Research is showing that being mindful and building self-awareness can have positive health benefits such as alleviating physical and emotional discomfort and stress. Coupled with studies demonstrating how mood and emotional states affect learning, this makes a strong case for purposefully instilling mindfulness in the classroom. There is a growing trend in early childhood education to do just that.
Traci Childress, the Co-Founder of Children’s Community School, speaks about the importance of building “mindfulness muscles” at a young age so that students become familiar with the routines and exercises and can use them to problem solve. And practicing mindfulness offers benefits for teachers, too, by improving their own well-being and helping them become more effective teachers.
For more information on mindfulness in education, take a look at these resources: Mindful Schools, Antioch University Mindfulness Blog, Association for Mindfulness in Education, Mindful Teachers, and Learning and the Brain.
-By Eitan Novick, for The Covenant Foundation
When Joan Shrensky made aliyah in 1981, a friend with a child with disabilities, knowing of Shrensky’s background working with Head Start in the U.S., asked if she’d consider starting a gan that included children with special needs. Mercaz Harmony was born. Today, it’s known as Magen Avraham/Gan Harmony, and it serves 64 children—with and without disabilities—in four classes in the Har Nof neighborhood of Jerusalem. Children ages 2 to 6 with Down Syndrome, autism, developmental delays and other disabilities receive occupational, speech and language, and play therapies and an extensive “sensory diet” through the course of their long, stimulating day, alongside neurotypical children.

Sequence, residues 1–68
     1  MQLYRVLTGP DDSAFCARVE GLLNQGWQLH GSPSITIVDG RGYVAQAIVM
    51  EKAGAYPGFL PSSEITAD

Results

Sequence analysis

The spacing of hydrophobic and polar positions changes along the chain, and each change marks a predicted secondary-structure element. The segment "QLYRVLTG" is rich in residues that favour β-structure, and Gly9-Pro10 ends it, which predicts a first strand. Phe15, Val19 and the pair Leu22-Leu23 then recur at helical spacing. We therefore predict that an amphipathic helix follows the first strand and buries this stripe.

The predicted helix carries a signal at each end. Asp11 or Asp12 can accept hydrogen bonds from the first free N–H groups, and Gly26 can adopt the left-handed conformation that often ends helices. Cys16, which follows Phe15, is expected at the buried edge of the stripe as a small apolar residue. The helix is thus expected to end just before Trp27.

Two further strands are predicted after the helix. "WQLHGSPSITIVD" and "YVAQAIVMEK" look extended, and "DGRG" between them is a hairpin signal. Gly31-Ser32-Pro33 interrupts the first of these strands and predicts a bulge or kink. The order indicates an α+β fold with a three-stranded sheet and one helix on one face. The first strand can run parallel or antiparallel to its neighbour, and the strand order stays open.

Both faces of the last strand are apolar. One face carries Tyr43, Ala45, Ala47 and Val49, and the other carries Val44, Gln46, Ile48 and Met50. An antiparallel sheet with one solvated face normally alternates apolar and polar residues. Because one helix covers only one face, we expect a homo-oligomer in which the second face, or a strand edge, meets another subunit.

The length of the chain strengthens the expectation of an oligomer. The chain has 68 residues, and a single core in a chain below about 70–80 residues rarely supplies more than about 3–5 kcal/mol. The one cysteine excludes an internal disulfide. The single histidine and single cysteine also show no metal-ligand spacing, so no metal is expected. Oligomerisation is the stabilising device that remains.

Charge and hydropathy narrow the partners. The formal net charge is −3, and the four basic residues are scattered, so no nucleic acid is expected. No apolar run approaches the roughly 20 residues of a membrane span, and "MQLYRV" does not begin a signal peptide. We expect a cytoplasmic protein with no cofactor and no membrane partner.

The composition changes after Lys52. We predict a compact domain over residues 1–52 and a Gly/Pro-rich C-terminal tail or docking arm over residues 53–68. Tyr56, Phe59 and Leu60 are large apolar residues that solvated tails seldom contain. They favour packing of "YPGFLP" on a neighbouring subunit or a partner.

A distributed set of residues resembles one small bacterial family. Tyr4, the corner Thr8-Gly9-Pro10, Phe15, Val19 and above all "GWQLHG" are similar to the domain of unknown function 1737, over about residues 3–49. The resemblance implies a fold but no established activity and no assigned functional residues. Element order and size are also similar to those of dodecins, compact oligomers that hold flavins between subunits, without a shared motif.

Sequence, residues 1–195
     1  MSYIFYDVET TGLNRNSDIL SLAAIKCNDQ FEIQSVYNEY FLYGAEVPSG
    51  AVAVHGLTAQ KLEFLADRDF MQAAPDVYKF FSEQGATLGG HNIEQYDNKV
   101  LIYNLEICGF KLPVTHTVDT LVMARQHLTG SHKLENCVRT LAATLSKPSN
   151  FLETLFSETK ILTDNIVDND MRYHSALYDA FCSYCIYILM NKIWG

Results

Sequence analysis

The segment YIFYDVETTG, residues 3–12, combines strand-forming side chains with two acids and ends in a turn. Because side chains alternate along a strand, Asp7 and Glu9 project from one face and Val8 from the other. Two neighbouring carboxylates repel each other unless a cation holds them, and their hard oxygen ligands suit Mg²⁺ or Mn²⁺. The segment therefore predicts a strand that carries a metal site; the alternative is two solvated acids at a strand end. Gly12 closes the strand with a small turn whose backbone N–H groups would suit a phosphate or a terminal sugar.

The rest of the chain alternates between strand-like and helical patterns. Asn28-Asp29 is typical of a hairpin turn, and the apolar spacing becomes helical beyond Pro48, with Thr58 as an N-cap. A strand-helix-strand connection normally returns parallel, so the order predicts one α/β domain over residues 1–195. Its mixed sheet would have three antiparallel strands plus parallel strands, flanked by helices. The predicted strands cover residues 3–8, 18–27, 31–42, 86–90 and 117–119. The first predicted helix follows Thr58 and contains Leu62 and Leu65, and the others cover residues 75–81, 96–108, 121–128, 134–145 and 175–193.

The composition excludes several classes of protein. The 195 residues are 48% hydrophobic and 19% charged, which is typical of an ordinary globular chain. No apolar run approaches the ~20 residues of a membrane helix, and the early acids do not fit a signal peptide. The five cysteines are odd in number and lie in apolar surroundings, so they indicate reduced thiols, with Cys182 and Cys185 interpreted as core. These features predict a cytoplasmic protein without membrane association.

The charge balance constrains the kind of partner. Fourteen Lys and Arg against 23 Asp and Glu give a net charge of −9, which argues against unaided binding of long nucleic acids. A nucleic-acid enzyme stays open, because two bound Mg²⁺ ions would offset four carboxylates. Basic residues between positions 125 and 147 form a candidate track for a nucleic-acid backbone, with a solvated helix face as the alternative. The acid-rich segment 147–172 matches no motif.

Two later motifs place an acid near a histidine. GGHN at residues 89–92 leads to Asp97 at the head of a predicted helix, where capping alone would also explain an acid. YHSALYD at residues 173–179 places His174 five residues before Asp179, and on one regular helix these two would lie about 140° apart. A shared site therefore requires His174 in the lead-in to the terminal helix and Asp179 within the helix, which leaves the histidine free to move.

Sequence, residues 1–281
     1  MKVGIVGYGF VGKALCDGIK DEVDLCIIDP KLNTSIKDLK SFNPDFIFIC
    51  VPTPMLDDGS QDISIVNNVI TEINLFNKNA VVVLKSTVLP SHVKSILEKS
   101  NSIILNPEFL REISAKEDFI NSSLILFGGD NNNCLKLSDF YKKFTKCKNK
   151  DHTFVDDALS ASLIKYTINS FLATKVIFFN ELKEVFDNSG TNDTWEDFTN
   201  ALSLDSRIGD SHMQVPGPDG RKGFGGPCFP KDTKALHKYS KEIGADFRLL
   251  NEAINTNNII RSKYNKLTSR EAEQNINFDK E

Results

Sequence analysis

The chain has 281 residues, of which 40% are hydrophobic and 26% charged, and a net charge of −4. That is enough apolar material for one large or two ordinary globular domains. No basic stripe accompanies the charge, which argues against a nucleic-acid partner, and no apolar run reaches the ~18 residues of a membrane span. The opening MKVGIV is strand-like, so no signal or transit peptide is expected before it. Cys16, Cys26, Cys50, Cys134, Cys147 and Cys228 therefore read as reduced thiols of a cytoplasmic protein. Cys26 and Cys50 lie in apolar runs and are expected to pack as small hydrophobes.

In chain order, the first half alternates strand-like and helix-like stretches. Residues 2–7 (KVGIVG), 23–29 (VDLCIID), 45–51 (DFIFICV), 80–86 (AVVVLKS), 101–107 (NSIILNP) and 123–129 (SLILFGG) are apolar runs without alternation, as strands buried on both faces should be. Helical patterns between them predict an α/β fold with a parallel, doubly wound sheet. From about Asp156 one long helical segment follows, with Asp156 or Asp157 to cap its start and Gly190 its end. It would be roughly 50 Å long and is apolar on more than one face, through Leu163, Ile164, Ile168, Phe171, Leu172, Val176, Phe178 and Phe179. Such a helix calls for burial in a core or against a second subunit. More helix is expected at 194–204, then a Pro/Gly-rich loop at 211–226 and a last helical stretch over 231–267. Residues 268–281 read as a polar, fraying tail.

When children with disabilities from Magen Avraham graduate at age six, they go on to a wide range of programs—from special education schools, to mainstream and inclusive schools. And the typical children go on to a life of greater understanding of and comfort with people who are both similar and different from them.
STARS Early Childhood Intervention Program of the Evelyn Rubenstein JCC in Houston, Texas, an inclusive pre-school in the United States that could be thought of as a sister-school to Gan Harmony, is similarly impressive. In the Bertha Alyce Early Childhood School, approximately 10% of the 160 students, ages 2 to 5, have visible and invisible disabilities and developmental delays.
According to Faye Bankler Casell, a child development specialist and consultant to the program, who recently assumed the position of assistant director of preschool services, notes that the STARS program began more than ten years ago as a self-contained classroom— and has evolved ever since to be more inclusive. “The students were developing in the self-contained classes, but we realized that if they were primarily with other students who had social and speech and language delays, they won’t gain as much,” Casell reports. “A few years ago, our director felt we could do even better. Last year, we dipped our toes. First, one child was mainstreamed; by the spring, six were included. By this past fall, we were ‘all in!”
This school year, all sixteen students were included in the morning sessions, with the program carefully tailored to the needs of each child. Numerous therapies including speech and language, occupational and music therapy, were offered in a flexible manner. “I know it sounds insignificant, but the students with disabilities all had cubbies in the classroom with their typical peers–and their names were on the door and roster—with no distinction from the other students,” reports Casell. Students returned to the self-contained classroom for the periods after lunch. The next step in the evolution of the program? “Next fall, we are shuttering our self-contained classroom!”
The response to the increasingly inclusive program has been overwhelmingly positive. For parents of children with disabilities, notes Casell, “It has changed their attitudes about what their children can do”—and they are pleased that the special education staff is not hovering around their children. Some graduates of the program go on to attend public schools and participate in neighborhood sports programs; others attend special education pre-schools.
Parents of typically developing children are similarly pleased with the better staffing ratio and overall number of adults in the lives of their children. Casell observes, “When some of the typically developing children need various therapies or modifications, no one looks askance.”
-By Howard Blas, for The Covenant Foundation